Regarded as a pioneer of modern sculpture, Rodin gained recognition and acclaim in the 19th and early 20th century for his public monument commissions, portrait busts and poetic sculptural works. In the tradition of medieval and Renaissance masters, his prodigious creative output was aided, at times, by more than 50 studio assistants, including: live models, clay beaters, plaster and bronze casters, stone carvers, pointers and photographers. Rodin, part artist and part entrepreneur, supervised this large ensemble as they translated his clay and plaster models into marble and bronze sculptures.
The studio was Rodin’s workplace, exhibition space and salon. It was where he collected his ideas, housed his works and welcomed visitors. Models, men and women of all ages, recruited widely and met sometimes by chance, played an essential role in his work. Rodin endlessly sketched his models from all angles, as to capture every contour. He searched for the most expressive gestures of the human form and for emotions found within physical movement and repose.
Noting he was happiest when “wallowing” in his compositions, Rodin endlessly reinvented his forms through experimental practices and manipulation of scale. A wide array of plaster-cast heads, hands, feet, arms and legs made up a stockpile of “spare parts” in the studio and fueled his studies of form and composition. Through the mixing, recycling and grafting of plaster fragments, Rodin gave these basic forms fresh symbolic meaning with each new combination. By exploring assemblage, the innovative process of combining and reconfiguring entire sculptures or fragments of works with other ready-made pieces, Rodin pushed his work in fertile directions that reconceived sculpture as always in transition.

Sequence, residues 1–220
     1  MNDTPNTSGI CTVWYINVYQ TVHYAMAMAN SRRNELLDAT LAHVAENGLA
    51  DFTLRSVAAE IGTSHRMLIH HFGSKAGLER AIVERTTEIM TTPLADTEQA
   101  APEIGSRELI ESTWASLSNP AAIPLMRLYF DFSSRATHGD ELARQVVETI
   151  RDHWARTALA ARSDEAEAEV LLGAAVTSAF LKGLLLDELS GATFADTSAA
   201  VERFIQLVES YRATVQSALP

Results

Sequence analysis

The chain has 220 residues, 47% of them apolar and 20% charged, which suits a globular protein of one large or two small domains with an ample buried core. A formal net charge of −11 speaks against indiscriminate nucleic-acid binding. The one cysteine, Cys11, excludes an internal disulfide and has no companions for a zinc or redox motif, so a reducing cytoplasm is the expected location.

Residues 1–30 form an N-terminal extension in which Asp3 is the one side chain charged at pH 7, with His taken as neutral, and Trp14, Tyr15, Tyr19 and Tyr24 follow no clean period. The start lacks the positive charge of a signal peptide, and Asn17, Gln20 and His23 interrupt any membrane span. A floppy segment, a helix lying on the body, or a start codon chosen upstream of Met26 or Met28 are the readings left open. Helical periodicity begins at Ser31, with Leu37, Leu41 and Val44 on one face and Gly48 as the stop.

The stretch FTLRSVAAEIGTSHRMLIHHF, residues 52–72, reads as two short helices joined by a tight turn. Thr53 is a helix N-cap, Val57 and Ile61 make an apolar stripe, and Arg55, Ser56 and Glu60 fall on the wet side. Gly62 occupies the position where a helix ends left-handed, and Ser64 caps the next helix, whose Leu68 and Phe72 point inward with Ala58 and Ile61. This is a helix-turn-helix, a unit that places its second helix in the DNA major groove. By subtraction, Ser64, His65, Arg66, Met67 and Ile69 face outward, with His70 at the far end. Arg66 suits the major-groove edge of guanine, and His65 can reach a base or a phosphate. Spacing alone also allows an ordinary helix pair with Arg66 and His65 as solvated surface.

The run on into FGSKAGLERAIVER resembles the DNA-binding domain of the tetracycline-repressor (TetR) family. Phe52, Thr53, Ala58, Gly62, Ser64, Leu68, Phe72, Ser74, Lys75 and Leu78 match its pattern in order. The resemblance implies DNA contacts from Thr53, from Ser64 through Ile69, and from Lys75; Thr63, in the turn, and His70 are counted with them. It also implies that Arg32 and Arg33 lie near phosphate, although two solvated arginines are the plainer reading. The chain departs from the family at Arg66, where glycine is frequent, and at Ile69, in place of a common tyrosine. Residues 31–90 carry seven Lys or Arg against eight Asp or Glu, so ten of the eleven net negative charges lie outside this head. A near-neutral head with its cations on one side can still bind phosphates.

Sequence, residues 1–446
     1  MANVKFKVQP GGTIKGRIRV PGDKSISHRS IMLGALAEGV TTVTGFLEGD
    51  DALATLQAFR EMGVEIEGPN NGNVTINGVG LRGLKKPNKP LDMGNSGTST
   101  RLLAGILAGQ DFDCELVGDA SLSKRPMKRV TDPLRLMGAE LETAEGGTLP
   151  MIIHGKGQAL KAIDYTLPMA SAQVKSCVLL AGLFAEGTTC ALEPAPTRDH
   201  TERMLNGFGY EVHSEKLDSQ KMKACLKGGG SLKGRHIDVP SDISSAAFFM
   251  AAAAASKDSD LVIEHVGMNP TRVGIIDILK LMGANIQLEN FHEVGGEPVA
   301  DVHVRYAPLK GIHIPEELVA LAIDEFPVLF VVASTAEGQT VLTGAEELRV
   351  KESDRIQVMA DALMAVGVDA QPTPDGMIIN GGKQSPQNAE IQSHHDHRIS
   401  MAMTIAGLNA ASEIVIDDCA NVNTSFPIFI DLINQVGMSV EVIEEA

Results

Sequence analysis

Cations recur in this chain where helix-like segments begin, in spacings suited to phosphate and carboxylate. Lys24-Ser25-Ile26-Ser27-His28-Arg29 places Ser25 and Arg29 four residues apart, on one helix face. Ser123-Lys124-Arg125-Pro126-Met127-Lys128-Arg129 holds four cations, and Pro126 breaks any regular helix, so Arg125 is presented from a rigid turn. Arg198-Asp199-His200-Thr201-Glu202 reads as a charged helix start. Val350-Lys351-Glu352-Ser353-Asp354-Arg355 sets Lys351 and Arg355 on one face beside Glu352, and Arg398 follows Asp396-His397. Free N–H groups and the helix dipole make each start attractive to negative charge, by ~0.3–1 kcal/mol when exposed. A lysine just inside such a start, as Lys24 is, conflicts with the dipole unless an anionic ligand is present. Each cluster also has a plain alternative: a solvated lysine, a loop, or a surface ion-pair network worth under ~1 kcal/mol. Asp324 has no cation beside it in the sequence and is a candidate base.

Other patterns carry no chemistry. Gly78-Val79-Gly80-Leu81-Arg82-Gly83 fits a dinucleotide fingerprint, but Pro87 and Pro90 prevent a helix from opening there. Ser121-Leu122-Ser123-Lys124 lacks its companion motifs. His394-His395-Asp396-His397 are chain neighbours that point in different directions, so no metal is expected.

Rodin’s studio assistant, Viktor Frisch, described the artist’s vast collection of cast forms: “He had several plaster casts made. One was kept intact, the others were cut apart, and the sections numbered and catalogued, so that they might be drawn out of their cupboards to serve in other figures, perhaps years later. Thus dissected, limb from torso, they would be set, again and again, in new arrangements and further thoughtful groupings.”
In recent decades, historians have turned their attention to Rodin’s plaster casts which convey the most faithful record of the initial clay work, which is most often lost. Rodin placed plaster at the center of his creative process, making way for chance, intuition, experimentation and study, in keeping with an unprecedented principle of continuous creation. Many works in the exhibition reveal how often Rodin re-imagined plaster elements of his iconic work, The Gates of Hell, which is at once a remarkable synthesis of his ideas as well as a wellspring for individual sculptures.